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Home Maidstone News Article
It was a town engulfed in water - from its restaurants and car parks to many of its key shops.
Now Maidstone is fighting back to normality just weeks after nature turned its key landmarks into ponds and water features - as severe weather warnings remain in force for the county.
At its worst around 15 stores, bars and restaurants were forced to shut their doors to customers due to the damage and disruption.
The figure has now dropped to two - with Seekers lettings agent and Drakes pub still battling to get up and running.
However, there is a warning Kent could be affected by flooding again today as yet more heavy rain hits the county.
A yellow weather warning has been issued by the Met Office, which says there will be heavy downpours throughout the day and into tomorrow.
It could cause problems because the ground is already saturated and has seen the Environment Agency double the number of flood warnings in the county to six.
Shopping was earlier out of the question in Maidstone, as Fremlin Walk's car park and Lockmeadow car park were submerged in water.
Town centre manager Bill Moss has been working round the clock to ensure it is business as usual, despite the flooding.
He said: “Everybody will know that roads were closed, car parks were closed, businesses were flooded and I’d be very naïve to think it didn’t have an impact on trade, because clearly it has.
"However, the general mood is let’s get up there and go for it. There have been problems and we are working through the problems.
"Businesses are extremely resilient and people that have been completely flooded are now looking for new premises to move into.”
He added: “The town now is open for business, there’s lots of people around and it’s very buoyant in the town centre at the moment.”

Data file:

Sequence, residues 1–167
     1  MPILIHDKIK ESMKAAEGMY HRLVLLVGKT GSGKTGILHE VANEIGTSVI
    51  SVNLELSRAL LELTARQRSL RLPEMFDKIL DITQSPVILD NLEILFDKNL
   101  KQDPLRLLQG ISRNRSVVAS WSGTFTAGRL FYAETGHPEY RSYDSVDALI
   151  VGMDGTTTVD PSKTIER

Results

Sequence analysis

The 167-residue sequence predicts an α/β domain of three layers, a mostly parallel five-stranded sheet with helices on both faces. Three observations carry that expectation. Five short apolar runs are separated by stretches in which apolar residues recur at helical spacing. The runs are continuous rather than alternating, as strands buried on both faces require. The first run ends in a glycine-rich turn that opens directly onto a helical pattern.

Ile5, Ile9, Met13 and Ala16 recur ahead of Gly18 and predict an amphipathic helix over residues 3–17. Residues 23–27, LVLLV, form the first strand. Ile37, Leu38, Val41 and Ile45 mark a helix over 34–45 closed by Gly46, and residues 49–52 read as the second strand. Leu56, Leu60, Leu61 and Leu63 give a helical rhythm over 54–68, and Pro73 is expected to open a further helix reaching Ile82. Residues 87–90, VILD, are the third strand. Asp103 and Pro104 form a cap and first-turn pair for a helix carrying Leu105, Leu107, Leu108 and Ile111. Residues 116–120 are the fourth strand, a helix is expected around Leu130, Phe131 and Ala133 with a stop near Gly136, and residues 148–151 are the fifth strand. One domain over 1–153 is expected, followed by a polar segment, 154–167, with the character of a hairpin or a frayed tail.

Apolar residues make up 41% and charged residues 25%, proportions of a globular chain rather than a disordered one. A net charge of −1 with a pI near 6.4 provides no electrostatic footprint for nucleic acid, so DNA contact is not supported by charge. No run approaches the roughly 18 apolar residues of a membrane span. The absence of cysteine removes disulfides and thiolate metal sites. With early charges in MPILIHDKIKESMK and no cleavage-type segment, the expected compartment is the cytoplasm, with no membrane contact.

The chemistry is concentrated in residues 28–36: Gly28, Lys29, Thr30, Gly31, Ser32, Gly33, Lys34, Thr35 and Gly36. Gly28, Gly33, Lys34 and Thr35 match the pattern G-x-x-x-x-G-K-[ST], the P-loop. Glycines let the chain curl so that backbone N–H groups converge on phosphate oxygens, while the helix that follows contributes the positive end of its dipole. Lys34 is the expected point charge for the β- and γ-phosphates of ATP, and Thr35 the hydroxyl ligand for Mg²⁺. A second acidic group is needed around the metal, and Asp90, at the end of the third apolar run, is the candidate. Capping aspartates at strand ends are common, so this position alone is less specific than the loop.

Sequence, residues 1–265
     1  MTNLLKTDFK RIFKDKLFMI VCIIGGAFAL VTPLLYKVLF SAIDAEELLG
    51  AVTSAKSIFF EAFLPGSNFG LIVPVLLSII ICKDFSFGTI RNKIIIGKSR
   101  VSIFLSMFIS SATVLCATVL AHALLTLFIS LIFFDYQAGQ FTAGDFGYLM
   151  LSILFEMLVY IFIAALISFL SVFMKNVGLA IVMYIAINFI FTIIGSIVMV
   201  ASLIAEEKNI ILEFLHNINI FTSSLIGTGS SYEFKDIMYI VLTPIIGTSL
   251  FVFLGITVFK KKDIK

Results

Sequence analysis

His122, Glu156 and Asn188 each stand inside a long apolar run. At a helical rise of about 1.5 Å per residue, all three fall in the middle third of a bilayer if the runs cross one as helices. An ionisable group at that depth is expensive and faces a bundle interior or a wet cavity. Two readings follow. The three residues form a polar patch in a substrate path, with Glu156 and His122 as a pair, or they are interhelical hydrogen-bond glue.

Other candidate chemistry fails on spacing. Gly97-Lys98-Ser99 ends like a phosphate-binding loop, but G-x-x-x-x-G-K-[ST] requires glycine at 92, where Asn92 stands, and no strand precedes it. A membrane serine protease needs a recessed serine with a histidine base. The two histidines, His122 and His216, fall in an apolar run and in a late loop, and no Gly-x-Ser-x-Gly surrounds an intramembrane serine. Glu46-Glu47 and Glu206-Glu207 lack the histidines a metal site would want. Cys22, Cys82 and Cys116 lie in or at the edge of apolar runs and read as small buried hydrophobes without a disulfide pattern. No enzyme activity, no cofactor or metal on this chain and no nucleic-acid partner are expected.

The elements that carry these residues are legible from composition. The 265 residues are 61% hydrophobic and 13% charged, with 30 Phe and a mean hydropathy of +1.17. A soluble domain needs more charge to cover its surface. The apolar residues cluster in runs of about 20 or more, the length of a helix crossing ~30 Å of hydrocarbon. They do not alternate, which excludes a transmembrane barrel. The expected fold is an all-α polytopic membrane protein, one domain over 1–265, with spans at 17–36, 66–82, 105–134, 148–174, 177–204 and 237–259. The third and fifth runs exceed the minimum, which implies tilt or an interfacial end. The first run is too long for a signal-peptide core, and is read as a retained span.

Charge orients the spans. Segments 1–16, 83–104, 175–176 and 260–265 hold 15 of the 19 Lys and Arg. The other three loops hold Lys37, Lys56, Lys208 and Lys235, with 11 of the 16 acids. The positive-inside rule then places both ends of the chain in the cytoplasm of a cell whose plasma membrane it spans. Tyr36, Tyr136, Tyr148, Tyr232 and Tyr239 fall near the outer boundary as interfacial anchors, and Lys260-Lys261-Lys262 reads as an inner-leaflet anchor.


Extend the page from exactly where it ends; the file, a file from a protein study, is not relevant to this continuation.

While the majority of businesses are back to trading as normal, some are still counting the cost of the heavy rain.
In Lockmeadow, the Wonderland club was closed on New Year's Eve - a key time of year.
Meanwhile The Bridges Restaurant had to cancel a large number of bookings over Christmas and new year.
While footfall over the festive period is down compared to the previous year Mr Moss is surprised just how well businesses in the area are doing, despite the recent weather.
He said: “People have been out and people have been spending. From what we hear there’s been an awful lot of money spent in the town centre over the Christmas period.
“The closed stores are just two out of 650 so the majority of businesses are still there and ready for everybody.”
Mr Moss is now calling on people in the area and further afield to go shopping in the town centre and be part of Maidstone’s January sales.
Meanwhile, Maidstone Market reopens today after floods cancelled five of its dates.
Stallholders will be back at the Lockmeadow complex, in Barker Road, ready for customers at 7.30am.
Businesses usually trade at the town centre site every Saturday, Sunday and Tuesday, but the area was completely flooded on Christmas Day and it has taken more than a week to clear the debris.
But not every west Kent visitor attraction has escaped as unscathed.
A number of animals died after floods swept through the Hop Farm venue.
The Paddock Wood attraction would not confirm how many or what animals had been killed, but said a number, including chickens, had been saved.
A spokesman said: “It is with regret that I can confirm we did lose animals to flooding over the Christmas period.
“The town now is open for business, there’s lots of people around and it’s very buoyant in the town centre at the moment" - Bill Moss
“All our staff came to help and try and rescue them, working day and night to save as many as they could. It could have been a total loss but it was not.
“We have a high level of care and passion for the animals here and a number put themselves at risk to ensure many survived.
“We were hit with an unprecedented situation and we did all we could.”
A statement on the Hop Farms Facebook page thanked the staff for their help and public for their support.
All surviving animals have now been moved and re-homed on a temporary basis.
More flood pictures and stories are in a 14-page special inside the latest edition of the Kent Messenger - on sale now.
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